What Suri's book does so well, in fact, is to show you how densely and sometimes disastrously intertwined big and small things, large historical currents and individual actions are. Not much happens in The Death of Vishnu: The Asranis and Pathaks quarrel over who ought to call an ambulance for Vishnu; Kavita elopes but comes back; the dying Vishnu has flashbacks to his childhood and a passionate love affair with a prostitute; the Hindu neighbors, outraged over the "abduction" of Kavita, incite a riot against the Jalals. But by the time the novel is over, we've seen how small irruptions of human weakness, no less than gigantic cultural fissures, can change everything.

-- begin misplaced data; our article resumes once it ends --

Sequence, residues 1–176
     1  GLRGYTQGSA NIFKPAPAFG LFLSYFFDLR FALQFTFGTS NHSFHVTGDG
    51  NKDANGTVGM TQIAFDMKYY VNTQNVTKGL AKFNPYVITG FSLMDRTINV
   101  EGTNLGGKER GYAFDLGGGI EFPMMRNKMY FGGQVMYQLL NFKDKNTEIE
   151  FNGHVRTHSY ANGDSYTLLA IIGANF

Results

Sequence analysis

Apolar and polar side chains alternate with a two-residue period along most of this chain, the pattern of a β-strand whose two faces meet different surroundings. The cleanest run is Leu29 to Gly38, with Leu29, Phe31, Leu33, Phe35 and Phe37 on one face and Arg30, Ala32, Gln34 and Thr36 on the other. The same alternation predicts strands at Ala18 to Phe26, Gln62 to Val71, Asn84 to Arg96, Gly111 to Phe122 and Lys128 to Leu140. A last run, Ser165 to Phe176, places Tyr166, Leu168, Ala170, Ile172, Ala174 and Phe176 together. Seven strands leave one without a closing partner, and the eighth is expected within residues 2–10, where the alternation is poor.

On the one hand, you could say that what brings the carefully balanced world of the apartment building down at the climax of the book is contemporary culture itself -- symbolized here by the movies that Kavita's infatuated with. (The only material result of her silly cinematic plan to run away -- she returns the next day, traumatized by a glimpse of an impoverished young mother on the train -- is the book's climactic act of violence.) But Suri knows that there's no historical event without its small and poignantly human trigger. And so we see how the vain Mr. Pathak, henpecked at home and, perhaps for that reason, eager to whip up the neighbors against the Jalals, knows that the riot is wrong -- but is "loath to relinquish the position of leadership" that his new role as rabble rouser gives him.